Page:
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Item 5: Report of the Special Rapporteur on the situation of human rights and fundamental freedoms of indigeno
September 28, 2009

The Human Rights Council – 12th session
Statement by the Delegation of the United States of America
Delivered by Courtney Musser

Geneva, 28 September 2009

Thank you, Mr. President.

The United States welcomes the Report of the Special Rapporteur on the situation of human rights and fundamental freedoms of indigenous people, James Anaya, for its insightful analysis of the overlapping mandates of the indigenous mechanisms in the United Nations system. My delegation joins others in applauding the initiative of all mechanisms to join in an informal dialogue to enhance coordination and cooperation and avoid duplication. Awareness-building of the key differences among the mandates, particularly the unique role of the Special Rapporteur will hopefully reduce the frustration of misdirected requests for assistance or attention to possible human rights violations. The United States is encouraged by the Special Rapporteur’s efforts to further develop communication with the Permanent Forum and the Expert Mechanism so as to maximize the participation of indigenous groups in attendance at each event. While the Special Rapporteur remains focused principally upon specific cases of alleged human rights violations, the United States appreciates the Special Rapporteur’s continued contributions to the thematic studies of the Permanent Forum and the Expert Mechanism. The United States remains interested in learning more about the models the Special Rapporteur is developing collaboratively to promote positive policy outcomes for relevant stakeholders.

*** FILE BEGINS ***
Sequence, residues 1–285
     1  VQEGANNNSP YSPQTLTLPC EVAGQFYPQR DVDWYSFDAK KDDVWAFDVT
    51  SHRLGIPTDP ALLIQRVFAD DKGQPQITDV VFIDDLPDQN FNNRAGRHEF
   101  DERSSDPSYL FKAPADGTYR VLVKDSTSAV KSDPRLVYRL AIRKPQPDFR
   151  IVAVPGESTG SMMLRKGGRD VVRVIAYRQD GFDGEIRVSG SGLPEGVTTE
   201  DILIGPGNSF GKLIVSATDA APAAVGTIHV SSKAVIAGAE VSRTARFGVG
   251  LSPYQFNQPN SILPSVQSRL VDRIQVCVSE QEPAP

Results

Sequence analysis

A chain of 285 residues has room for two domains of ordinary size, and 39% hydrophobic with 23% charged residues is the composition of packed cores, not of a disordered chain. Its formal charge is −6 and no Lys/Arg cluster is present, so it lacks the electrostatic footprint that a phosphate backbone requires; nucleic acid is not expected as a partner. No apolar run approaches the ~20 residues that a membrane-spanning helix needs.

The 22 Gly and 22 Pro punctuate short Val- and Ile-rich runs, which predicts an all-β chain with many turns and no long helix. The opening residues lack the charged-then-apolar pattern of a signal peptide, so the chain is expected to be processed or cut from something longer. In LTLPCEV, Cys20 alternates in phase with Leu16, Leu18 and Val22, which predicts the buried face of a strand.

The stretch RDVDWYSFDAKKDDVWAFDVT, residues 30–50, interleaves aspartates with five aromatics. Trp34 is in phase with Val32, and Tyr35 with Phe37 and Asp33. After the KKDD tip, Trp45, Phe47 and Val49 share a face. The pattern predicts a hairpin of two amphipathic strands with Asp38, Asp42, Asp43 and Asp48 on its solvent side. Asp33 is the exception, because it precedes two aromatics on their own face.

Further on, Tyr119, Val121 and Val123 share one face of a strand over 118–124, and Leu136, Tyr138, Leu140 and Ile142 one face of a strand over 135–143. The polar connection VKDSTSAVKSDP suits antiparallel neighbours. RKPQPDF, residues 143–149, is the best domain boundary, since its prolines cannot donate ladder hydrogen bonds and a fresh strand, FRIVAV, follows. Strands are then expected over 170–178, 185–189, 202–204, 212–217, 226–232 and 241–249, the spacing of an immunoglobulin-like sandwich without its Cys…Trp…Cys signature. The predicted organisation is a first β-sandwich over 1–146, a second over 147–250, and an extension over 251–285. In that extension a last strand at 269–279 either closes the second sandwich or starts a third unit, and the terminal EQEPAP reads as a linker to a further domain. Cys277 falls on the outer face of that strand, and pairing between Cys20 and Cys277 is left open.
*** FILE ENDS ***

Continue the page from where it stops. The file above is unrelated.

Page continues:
We congratulate the Special Rapporteur for drawing attention to the fact that a lack of adequate consultation with indigenous peoples has in some countries led to anger and mistrust, which has spiraled into violence. We appreciate his pragmatic approach in suggesting that the character of consultation procedures and their object are shaped by the specific situation. My government agrees with the importance of adequate consultation to the effective implementation of government programs intended to improve the lives of all citizens, including indigenous peoples. The United States strongly supports the special rapporteur’s advice to states that consultation does not accord “indigenous peoples a general “veto power” over decisions that may affect them, but rather establishes consent as the general objective of consultations with indigenous peoples.” In the United States we have solicited tribal government views on how to improve the government-to-government relationship and consultation process relative to federal decision-making. It is essential to build confidence among all parties for the best public policies to emerge; the consultation process when properly carried out contributes to confidence building and the formulation of effective policy.

Thank you, Mr. President.